'War Room': Film Review
The latest faith-based drama from the Kendrick brothers concerns a couple whose troubled marriage is healed by prayer.
With such box-office successes as Facing the Giants, Fireproof and Courageous to their credit, there's no denying that the Kendrick brothers have tapped into a deep market for faith-based films. Their latest effort, War Room, doesn't stray far from their well-established template and should well succeed in attracting their literally faithful audiences, although its heavy-handed proselytizing and soap opera-ish storytelling will prove a turn-off to those who don't pray on a daily basis.
Indeed, prayer is the main theme of the plot which involves the troubled marriage between real-estate broker Elizabeth (Priscilla C. Shirer, a prominent Christian speaker and author making her film debut) and Tony (T.C. Stallings), a successful pharmaceutical rep. Tony, so bulked-up that he appears to be dipping into his company's steroids, has little use for his wife, telling a friend "I'm just tired of her," and pays little attention to the couple's adorable 10-year-old daughter Danielle (Alena Pitts).
Increasingly distraught over her husband's emotional abuse, Elizabeth finds her life changed when she meets her latest client, Miss Clara (Karen Abercrombie), an elderly widow who advises her that the only way she can mend her husband's errant ways is by praying to God for help. And casual prayer isn't enough; this must be focused, fervent prayer, offered on high from the right venue. What Elizabeth must do, as Miss Clara did, is set up a "war room," which in Elizabeth's case is her clothes closet, formerly the scene of her secret binge eating of potato chips.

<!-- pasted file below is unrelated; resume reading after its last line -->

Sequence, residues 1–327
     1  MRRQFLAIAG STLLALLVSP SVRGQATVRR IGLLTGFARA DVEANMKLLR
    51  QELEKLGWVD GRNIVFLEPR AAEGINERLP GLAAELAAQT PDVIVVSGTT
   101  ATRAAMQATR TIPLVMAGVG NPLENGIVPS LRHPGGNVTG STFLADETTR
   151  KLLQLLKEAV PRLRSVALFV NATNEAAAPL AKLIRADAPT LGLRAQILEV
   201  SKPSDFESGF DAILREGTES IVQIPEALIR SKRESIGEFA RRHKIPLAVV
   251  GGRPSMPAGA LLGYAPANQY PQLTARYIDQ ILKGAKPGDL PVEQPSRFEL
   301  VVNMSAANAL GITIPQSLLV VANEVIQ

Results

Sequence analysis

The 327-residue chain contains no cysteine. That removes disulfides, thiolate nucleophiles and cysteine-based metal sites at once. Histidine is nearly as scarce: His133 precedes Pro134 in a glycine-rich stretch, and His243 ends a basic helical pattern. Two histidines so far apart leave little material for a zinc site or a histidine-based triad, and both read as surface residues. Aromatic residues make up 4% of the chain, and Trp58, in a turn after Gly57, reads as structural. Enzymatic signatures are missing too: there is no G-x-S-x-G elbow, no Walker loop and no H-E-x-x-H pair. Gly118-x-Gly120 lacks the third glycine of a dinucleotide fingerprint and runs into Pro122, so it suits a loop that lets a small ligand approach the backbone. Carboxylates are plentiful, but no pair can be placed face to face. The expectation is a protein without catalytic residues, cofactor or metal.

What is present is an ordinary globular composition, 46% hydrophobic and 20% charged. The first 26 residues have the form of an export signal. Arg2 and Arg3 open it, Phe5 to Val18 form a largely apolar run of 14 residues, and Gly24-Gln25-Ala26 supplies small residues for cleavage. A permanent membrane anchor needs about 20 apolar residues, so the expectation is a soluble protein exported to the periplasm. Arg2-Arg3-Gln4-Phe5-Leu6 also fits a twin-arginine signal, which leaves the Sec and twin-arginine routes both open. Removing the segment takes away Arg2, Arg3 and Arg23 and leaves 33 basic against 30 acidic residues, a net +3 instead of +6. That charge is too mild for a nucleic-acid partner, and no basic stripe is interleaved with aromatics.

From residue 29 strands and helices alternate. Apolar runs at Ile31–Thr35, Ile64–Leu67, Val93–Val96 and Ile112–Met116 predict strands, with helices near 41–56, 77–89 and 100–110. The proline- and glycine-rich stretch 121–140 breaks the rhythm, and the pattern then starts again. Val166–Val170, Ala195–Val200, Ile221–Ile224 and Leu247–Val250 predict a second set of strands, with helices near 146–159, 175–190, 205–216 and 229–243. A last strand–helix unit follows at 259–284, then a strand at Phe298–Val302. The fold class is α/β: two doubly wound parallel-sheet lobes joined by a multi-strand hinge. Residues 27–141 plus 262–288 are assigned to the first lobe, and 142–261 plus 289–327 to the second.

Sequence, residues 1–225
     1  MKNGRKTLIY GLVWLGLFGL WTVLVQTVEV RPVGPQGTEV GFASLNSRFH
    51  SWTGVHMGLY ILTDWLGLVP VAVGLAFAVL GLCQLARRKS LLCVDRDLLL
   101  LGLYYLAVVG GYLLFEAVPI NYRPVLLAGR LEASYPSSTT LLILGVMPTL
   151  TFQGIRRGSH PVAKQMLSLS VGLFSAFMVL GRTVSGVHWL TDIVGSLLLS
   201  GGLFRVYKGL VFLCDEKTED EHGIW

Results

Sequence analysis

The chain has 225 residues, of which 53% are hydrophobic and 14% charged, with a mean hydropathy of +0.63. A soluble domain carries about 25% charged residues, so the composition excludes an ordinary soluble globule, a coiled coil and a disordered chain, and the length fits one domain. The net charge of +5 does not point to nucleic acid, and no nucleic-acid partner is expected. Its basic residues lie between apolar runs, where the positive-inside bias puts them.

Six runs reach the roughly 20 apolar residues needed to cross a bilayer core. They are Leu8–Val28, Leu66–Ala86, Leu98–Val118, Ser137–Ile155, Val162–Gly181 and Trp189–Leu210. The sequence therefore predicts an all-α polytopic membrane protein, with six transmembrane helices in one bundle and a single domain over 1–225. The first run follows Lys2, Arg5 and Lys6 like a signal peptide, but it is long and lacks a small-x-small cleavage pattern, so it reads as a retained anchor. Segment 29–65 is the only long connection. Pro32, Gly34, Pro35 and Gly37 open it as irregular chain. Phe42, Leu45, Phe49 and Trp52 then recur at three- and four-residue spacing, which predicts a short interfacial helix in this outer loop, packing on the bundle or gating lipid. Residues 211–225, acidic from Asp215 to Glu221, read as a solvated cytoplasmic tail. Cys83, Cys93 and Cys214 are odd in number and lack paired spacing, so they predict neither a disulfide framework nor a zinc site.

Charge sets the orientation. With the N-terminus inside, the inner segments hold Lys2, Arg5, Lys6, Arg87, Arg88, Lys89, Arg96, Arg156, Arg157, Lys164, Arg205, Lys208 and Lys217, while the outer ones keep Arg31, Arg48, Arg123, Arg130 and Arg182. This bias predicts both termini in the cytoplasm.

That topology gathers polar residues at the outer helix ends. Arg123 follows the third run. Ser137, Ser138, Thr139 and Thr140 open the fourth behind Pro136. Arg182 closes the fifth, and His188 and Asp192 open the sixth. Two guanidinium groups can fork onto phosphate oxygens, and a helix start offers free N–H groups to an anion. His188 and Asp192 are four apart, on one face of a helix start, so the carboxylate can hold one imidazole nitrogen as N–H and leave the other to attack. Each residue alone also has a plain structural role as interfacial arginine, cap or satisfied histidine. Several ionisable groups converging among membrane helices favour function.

Tony, meanwhile, engages in a not-so-secret flirtation with a co-worker that seems poised to launch into an affair, and is ultimately revealed to be stealing from his employers. It isn't hard to guess that by the film's end he'll have learned the errors of his ways thanks to his wife's newfound religiosity.
It's not so much the plot or themes of the film that's the problem as the ham-fisted execution. Unintentional comic moments abound, such as when Elizabeth and Miss Clara are accosted by a knife-wielding mugger and the elderly woman refuses his demand for money, telling the assailant to put down his knife "in the name of Jesus," which he promptly does. Folks, this is not a good strategy in real life.
Then there's the scene in which Elizabeth, after a heartfelt address to God, suddenly turns her wrath on Satan, stepping outside of her home and shouting, "This house is under new management!" Or the tired running gag about her smelly feet, which at least has a thematic payoff with a climactic, not so subtly symbolic scene in which her reformed husband lovingly washes them. Or the left field moment in which Tony, having become ill during a romantic dinner with his would-be lover, apparently becomes convinced that Elizabeth is poisoning him and secretly switches their dinner plates.
Endlessly stopping the action, such as it is, with deadly earnest sermons, most of them delivered in fiery fashion by Miss Clara, the screenplay by director Alex Kendrick and his brother Stephen never misses an opportunity to pound home its message. Tony's reform — which includes confessing to his employees that he's stolen drug samples worth thousands of dollars and volunteering to take part in his daughter's double-dutch competition — is so sudden and extreme that it makes Scrooge's transformation look subtle by comparison.
The film has a solidly professional visual sheen, and the performances are largely effective, with Abercrombie particularly enjoyable as the feisty oldster. But for all its good intentions, War Room, like so many films of its ilk, is strictly preaching to the choir.
Production: FaithStep Films, Affirm Films, Red Sky Studios, TriStar Pictures
Cast: Priscilla C. Shirer, T.C. Stallings, Karen Abercrombie, Beth Moore, Michael Jr., Jadin Harris, Tenae Downing, Alena Pitts
Director: Alex Kendrick
Screenwriters/producers: Alex Kendrick Stephen Kendrick
Director of photography: Bob Scott
Production designer: Katherine Tucker
Editor: Steve Hullfish
Composer: Paul Mills
Rated PG, 112 min.